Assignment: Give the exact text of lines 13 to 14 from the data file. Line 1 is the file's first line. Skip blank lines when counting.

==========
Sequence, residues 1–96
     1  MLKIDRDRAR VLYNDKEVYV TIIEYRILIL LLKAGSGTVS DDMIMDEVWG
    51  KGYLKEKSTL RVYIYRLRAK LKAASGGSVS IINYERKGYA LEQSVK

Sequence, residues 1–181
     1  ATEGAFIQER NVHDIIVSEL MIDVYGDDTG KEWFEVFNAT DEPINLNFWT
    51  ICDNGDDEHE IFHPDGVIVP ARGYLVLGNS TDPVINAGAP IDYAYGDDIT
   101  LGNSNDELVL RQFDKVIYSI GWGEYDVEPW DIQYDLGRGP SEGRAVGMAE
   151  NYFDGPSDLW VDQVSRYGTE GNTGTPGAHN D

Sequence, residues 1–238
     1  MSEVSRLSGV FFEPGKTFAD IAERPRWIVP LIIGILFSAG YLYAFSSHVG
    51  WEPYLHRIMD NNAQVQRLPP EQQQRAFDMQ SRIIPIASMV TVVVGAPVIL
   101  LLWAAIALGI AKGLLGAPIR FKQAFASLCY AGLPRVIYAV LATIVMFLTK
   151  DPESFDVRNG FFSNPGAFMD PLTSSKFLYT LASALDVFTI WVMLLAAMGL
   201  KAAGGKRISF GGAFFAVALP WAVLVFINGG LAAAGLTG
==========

   151  DPESFDVRNG FFSNPGAFMD PLTSSKFLYT LASALDVFTI WVMLLAAMGL
   201  KAAGGKRISF GGAFFAVALP WAVLVFINGG LAAAGLTG